Obs. 2. When the article a, comes before another vowel or a silenl h, then it is changed into an, as; an ox, an ant, an apple, an hour. But when a comes before the vowel u, having the long sound, it is not changed into an, as: a unit, a unicorn, a useful man, a union of minds.

Deer run on the hill. Youth fly to pleasure. Man is born to die. Hope keeps the heart whole.

SPELLING.-LESSON 21. în-ship' in-tone' lă.ment mis-shape în-shrine in-tòrt' lă m-pôôn' mis-tāke' in-siť

in-trust' măm-ma mis-stāte in-snare' in-twine mă-nūre' mis-těrm' in-spire' in-vāde' mă-tūre mis-t'hink in-stall in-věnt' mis-dēēd' mis-time in-stāte' În-věst' mis-dēēm mis-told

in-těnd' in-těnse' in-těnt' in-těr' in-tire'

in-vite' în-võke, in-ure' in-wâll' jă-pă n'

mis-hăp'
mis-jòin'
mis-like
mis-nāme'
mis-sēēm'

mis-took'
mis-trust
mis-ūse'
mỏn-sốôn?

READING.-LESSON 22.

Philosophy. 1. Joseph', Moses', and Mary', were one day talking of the rays of light, and the warmth of the sun' Joseph took four pieces of cloth', of one size but of different colours'; one black', another blue', a third brown', and a fourth white', with a view to make an experiment'.

2. It was a clear', cold day'; the ground was covered with clean snow, and the sun shone bright'. Joseph spread the pieces of cloth upon the snow', quite near each other', where they were left for some hours!.

3. In the afternoon', the little folks went out to see the pieces of cloth'. They found the black piece had sunk some way below the surface of the snow'; the blue had dropped almost as faro; the brown had sunk some', but the white piece lay fairly upon the surface where it was first placed.'

4. Now', observe', said Joseph', the rays of light act upon the particles of matter in the atmosphere', and produce heat. Black receives and retains all the rays', and', consequently', the greatest share of heat'; hence, it has melted the snow', and sunk down'.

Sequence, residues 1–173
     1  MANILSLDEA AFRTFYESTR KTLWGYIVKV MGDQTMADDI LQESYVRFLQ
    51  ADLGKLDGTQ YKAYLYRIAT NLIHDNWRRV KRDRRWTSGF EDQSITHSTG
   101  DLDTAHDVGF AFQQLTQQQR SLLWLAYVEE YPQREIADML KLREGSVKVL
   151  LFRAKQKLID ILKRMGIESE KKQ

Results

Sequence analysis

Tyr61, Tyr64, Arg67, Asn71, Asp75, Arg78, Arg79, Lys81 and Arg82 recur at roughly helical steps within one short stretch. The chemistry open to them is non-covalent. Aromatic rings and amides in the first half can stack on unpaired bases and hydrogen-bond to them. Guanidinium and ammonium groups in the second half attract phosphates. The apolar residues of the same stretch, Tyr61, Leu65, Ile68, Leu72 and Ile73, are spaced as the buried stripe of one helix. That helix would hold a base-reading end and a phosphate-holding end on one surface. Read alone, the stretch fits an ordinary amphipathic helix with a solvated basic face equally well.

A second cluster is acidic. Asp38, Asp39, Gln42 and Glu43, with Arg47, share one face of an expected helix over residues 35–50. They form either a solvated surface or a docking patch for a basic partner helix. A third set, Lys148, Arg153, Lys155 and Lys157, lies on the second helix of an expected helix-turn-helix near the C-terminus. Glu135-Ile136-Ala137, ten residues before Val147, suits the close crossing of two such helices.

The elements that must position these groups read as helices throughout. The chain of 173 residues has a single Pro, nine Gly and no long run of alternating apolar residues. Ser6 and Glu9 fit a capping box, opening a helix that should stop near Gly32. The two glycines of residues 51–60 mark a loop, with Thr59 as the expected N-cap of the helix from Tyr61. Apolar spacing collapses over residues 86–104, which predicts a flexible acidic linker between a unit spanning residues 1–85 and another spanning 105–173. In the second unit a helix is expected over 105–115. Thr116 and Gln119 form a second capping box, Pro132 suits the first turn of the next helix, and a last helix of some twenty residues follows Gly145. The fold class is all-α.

5. The blue has produced nearly the same effect', while that of the brown is sensibly less'. At the same time, the white has remained stationary'; hence, we may conclude that no warmth has been imparted to this piece'.

6. We may learn from this experiment, that dark clothes', are best for winter,' and white for summer! But in warın climates', white may be worn the year round'; also, that while hats with brown linings', are the best to guard the complexion'.

7. Knowledge and virtue', are like the rays of light', and should act upon the heart in a similar manner' the heart', like the piece of black cloth', should receive and retain every good and useful impression', and like the white', reflect them upon all around us'. Then we shall be esteemed and beloved by others', and be happy in ourselves'.

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SUBTRACTION OF COMPOUND TERMS.LESSON 23.

Long Measure. (1) L37

1 2 9 (2) L155 2 2 13
2 3 13

76
6

19

16

25.

3. Subtract m. 43 5 - 22 from m. 125 , 3

3. Subtract y. 15 1 3 from y. 37 - 0 8, and add all 'the remainders into one sum.